The paper by S.J. Phillips, R.P. Anderson, and R.E. Schapire — A maximum entropy approach to species distribution modeling — introduces to niche modelers for the first time the Maximum Entropy approach well known in machine learning. They also provide the Maxent software for predicting species distribution using Maxent, and evaluate against a well know method called DesktopGARP in predicting the distribution of two Neotropical mammals, a sloth Bradypus variegatus and a rodent Microryzomys minutus.
The Maxent principle is to estimate the probability distribution, such as the spatial distribution of a species, that is most spread out subject to constraints such as the known observations of the species. Maxent uses entropy as the means to generalize specific observations of presence of a species, and does not require or even incorporate absence points within the theoretical framework. Presence-only points are observations of the presence of a species. For a variety of reasons, absence of a species is not usually recorded.
It would seem to be an advantage to have a framework that is based in presence-only points, the most common form of data in niche modeling.
Usually we are having to shoe-horn methods developed for discriminating presence from absence points into working with presence-only points. The method does seem to perform well and will no doubt be increasingly used. The trial reviewed here shows the method performs well.
There are some aspects of the way Maxent characterizes the problem of niche modeling that will seem surprising and make it a little difficult to grasp.
Feature vectors: Rather than working directly with environmental variables like temperature and precipitation as predictors, variables are transformed into feature vectors, and may be the mean of variables, their square, product with other variables, thresholds or binarizations of categorical variables.
Generative: While claiming to be most similar to generalized linear models (GLM) in approach Phillips et al. state it is a ‘generative’ approach rather than a ‘discriminative’ method like GLM. This means that where Y is the response (probability of occurrence) and X are the inputs (feature vectors) it models Pr(X|Y) the probability of inputs given the response. A discriminative approach models Pr(Y|X) the probability of a response given inputs, which is what is required for prediction. Phillips states Maxent uses Bayes’ rule to get from P(X|Y) to P(Y|X), and in fact uses P(X|Y=1) as only occurrence points are used. This is one of the many things I would have liked to have seen this explained more but couldn’t find it in the paper.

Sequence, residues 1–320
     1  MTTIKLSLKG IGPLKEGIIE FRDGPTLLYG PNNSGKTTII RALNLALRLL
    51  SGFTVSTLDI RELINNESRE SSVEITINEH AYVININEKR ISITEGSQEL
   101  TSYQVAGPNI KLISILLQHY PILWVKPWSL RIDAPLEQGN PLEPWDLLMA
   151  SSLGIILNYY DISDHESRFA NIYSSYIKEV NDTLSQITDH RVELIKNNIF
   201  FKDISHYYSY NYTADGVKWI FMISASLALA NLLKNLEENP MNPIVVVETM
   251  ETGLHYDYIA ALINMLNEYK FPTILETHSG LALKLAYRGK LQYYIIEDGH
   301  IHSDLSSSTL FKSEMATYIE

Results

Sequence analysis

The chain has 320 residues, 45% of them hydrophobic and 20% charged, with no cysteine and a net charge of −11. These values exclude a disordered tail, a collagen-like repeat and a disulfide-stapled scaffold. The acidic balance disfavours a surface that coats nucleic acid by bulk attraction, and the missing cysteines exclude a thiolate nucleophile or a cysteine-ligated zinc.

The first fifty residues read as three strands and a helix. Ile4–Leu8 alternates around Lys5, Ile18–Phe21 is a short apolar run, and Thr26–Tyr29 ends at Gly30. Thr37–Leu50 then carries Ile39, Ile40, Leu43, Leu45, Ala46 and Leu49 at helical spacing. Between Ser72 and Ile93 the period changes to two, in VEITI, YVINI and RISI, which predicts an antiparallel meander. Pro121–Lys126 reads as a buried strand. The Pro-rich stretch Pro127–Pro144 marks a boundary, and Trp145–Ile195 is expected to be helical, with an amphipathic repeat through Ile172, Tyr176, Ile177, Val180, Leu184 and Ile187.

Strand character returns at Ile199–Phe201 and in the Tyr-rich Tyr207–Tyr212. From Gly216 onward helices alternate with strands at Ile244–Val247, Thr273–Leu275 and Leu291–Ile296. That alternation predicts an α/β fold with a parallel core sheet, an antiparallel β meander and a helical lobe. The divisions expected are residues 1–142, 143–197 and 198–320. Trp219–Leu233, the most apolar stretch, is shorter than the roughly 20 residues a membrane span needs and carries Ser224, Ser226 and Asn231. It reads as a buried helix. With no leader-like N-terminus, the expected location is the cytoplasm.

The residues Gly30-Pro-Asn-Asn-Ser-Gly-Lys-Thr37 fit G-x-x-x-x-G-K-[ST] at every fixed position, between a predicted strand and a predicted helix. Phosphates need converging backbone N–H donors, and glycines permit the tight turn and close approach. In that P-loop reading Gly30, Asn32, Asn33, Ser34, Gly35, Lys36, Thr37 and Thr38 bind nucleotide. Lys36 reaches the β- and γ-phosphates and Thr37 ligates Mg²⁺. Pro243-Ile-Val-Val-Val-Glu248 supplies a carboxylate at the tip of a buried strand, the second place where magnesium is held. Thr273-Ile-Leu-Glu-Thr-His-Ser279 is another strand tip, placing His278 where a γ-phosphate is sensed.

Cumulative: Another big difference is that Maxent estimates a probability distribution over every pixel in the study area which means the probability in all pixels sums to 1. Rather than individual probabilities of 0.8, 0.9, etc representing the suitability of each pixel for a species, the probabilities are each very small. To get around this, Maxent assigns a “cumulative” probability to each pixel which is the sum of the probabilities for all pixels with lesser probability. The interpretation of this distribution is that the expected accuracy of a predicted distribution using cumulative probability threshold t, will omit approximately t% of test locations with minimum predicted area. For example, t=0.05 will omit 5% of occurrences while minimizing area, which is what we would want to represent a type of boundary on the distribution.